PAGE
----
Christopher M. Cevasco, Author

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The Panic of 1857

Bank RunOn August 24, 1857, the Ohio Life Insurance and Trust Company failed in the wake of fraudulent activities by its management. It was the proverbial straw that broke the camel’s back, plunging the United States fully into what came to be known as the Panic of 1857. Ohio Life was a bank based in Ohio with another main office in New York City, having large mortgage holdings and acting as liaison to other Ohio investment banks. Its failure put those other Ohio banks at risk and even threatened a general run on the banks along the lines of the 1857 run on the Seamen’s Savings Bank, pictured at left.

Even before the Ohio Life failure, the international economy had been declining along with the European market for American goods, while the U.S. economy was in a period of overexpansion. Part of this overexpansion was due to a railroad industry boom sparked by large westward migrations of people, especially to Kansas. The railroad was receiving large loans from banks, but then the value of western land fell, and by 1857 the drop in migration caused railroad securities to lose their value. Farmers in the west began foreclosing on their mortgaged lands. When commercial credit also vanished, western merchants–already in debt–had to cut back on purchasing new inventory, and sales and profits decreased nationwide. Worse, the many banks that had helped finance the railroads during the expansion period were at risk once several major railroad lines were forced to shut down and in some cases to declare bankruptcy. It was the failure of Ohio Life, however, that brought public attention to the perilous state of the railroad industry and the land markets, thereby fueling a wider panic.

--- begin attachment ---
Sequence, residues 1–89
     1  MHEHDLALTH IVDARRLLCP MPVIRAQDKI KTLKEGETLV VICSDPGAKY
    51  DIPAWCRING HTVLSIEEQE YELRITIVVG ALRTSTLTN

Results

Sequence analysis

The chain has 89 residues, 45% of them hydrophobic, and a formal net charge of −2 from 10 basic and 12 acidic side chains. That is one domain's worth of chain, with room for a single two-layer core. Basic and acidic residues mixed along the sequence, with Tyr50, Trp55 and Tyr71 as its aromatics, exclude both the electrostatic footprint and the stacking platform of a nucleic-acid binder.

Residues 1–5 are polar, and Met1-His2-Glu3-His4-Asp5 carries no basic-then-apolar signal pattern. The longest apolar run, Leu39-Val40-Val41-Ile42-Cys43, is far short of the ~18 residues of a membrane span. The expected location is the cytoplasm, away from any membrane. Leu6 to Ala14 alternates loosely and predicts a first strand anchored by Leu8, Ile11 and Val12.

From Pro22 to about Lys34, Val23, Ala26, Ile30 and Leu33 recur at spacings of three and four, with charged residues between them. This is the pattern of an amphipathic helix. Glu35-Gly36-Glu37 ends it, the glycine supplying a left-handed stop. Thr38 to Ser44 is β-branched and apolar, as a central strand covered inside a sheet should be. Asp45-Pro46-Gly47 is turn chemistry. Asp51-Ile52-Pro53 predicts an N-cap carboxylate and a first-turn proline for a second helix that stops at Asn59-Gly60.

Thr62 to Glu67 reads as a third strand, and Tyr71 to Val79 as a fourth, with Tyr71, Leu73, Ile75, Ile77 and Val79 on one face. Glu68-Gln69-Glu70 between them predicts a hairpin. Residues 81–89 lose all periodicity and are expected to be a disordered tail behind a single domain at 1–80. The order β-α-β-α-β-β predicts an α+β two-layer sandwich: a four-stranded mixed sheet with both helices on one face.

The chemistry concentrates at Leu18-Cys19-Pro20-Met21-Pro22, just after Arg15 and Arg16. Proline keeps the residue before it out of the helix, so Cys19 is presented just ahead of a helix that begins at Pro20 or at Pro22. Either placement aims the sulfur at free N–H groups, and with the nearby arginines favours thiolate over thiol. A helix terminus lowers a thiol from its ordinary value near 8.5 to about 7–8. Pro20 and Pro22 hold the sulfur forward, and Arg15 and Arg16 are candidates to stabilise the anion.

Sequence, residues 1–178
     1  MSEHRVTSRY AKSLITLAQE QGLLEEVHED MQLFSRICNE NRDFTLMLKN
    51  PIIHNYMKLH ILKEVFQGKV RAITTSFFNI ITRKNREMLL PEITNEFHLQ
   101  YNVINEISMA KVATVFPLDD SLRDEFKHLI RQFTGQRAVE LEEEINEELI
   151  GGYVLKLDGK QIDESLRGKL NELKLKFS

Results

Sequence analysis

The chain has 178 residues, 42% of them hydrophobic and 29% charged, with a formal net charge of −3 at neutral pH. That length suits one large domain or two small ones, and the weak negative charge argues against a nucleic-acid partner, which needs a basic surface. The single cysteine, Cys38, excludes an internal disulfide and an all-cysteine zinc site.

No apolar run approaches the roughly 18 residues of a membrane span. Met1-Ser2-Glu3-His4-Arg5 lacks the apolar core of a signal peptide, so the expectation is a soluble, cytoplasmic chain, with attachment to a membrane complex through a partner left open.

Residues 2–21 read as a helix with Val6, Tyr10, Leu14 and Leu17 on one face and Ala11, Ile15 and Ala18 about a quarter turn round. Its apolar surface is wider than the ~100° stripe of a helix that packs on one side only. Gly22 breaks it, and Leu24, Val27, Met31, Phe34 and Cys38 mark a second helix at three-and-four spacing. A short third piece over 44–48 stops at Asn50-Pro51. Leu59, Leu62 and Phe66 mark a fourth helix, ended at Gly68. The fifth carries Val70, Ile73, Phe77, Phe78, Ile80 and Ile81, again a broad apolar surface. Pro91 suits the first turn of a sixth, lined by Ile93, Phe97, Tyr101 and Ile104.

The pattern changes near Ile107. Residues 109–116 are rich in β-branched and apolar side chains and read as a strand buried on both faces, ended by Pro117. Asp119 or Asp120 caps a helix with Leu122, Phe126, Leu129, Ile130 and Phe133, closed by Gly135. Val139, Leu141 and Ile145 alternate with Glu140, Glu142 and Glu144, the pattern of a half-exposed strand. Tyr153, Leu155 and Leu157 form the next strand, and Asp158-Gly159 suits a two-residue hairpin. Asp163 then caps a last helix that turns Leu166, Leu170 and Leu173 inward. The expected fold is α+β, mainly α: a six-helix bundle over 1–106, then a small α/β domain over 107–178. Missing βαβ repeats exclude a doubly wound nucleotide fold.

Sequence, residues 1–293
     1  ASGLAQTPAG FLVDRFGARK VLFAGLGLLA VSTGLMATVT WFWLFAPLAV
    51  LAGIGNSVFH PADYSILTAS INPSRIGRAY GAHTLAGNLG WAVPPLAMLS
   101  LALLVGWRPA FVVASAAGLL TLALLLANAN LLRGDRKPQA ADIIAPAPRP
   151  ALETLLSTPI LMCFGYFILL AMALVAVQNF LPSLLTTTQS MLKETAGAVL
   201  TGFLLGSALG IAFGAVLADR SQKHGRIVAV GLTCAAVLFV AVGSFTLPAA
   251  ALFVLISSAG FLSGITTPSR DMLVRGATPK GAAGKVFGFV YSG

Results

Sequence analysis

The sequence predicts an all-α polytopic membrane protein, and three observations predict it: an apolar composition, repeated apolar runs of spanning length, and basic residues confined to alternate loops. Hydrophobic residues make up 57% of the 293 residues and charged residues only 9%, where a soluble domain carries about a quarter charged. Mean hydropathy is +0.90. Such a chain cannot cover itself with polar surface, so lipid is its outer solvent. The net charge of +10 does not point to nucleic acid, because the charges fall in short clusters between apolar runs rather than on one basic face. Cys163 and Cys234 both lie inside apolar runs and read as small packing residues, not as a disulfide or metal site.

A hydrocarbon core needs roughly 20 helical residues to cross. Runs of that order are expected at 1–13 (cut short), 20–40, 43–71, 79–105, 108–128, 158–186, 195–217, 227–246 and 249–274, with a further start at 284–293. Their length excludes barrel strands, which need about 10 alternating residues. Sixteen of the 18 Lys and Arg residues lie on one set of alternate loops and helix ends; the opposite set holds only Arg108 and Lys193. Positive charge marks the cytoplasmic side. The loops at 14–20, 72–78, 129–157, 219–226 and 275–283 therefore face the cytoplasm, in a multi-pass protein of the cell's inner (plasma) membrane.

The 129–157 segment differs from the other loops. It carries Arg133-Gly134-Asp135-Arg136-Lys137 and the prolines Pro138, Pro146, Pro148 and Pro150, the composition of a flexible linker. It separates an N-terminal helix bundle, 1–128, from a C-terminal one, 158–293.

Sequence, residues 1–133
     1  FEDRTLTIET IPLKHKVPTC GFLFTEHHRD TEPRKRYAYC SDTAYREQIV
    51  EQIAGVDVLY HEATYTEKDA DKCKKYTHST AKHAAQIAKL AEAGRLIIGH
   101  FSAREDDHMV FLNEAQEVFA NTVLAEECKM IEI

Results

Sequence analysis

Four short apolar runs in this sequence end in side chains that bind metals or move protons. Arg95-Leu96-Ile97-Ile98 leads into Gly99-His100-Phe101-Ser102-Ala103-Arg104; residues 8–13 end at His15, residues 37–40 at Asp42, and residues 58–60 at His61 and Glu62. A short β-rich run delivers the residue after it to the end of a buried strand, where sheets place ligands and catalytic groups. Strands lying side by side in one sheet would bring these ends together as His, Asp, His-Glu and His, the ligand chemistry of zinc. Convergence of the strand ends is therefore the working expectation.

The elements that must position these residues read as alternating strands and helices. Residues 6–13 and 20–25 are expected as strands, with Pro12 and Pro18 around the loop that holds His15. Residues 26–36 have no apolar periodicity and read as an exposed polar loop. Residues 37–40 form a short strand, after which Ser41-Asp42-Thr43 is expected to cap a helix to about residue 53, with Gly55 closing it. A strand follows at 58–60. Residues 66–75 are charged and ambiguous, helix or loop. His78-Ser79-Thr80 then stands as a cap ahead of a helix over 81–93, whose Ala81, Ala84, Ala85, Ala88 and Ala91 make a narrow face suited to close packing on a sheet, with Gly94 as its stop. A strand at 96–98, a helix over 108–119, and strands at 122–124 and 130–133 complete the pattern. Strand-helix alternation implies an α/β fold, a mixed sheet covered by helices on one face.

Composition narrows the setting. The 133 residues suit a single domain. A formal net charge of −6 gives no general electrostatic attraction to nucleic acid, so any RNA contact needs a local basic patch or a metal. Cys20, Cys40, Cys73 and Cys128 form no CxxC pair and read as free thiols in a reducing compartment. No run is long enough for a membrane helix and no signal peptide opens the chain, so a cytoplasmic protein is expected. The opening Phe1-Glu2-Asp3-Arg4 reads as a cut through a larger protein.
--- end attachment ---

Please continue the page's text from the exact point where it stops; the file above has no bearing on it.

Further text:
The sense of financial uncertainty was also fueled by the March 1857 Supreme Court ruling in Dred Scott v. Sandford, in which it was held that neither Africans brought into the U.S. as slaves nor their descendants (whether or not they were slaves) were protected by the U.S. Constitution; they could never be U.S. citizens and were without the right to sue in court. Moreover, the Court held that Congress had no authority to prohibit slavery in federal territories, thus effectively nullifying the 1820 Missouri Compromise, which had prohibited slavery in the unorganized territory of the Great Plains, while permitting it in Missouri and the Arkansas Territory. Uncertainty over whether the entire West would become slave territory led almost immediately to a slight decline in prices of Kansas land warrants, which in turn hurt western railroad securities–i.e. those railroads running east and west, where the Dred Scott impact would be most keenly felt.

The Panic was relatively short lived, having mostly calmed by 1859 so that the economy had begun to stabilize. When the dust settled, it seemed the southern economy had actually suffered very little, while the north was hurt more and took longer to recover. The Great Lakes region was the hardest hit by the Panic, along with those businesses in the East that needed strong western sales. All the while, tensions continued to grow between the north and the south over the issue of slavery, but in the short term the Panic actually stilled southern threats of secession to a certain extent inasmuch as the crisis fostered the idea among southerners that the north needed them to maintain economic stability. A full and final recovery from the Panic would not come until the 1860s, by which point, of course, the nation had descended into civil war…

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1 Responses »

  1. The more things change, the more they stay the same. Fascinating post, Christopher. Points to why we should read history and dread financial uncertainty.

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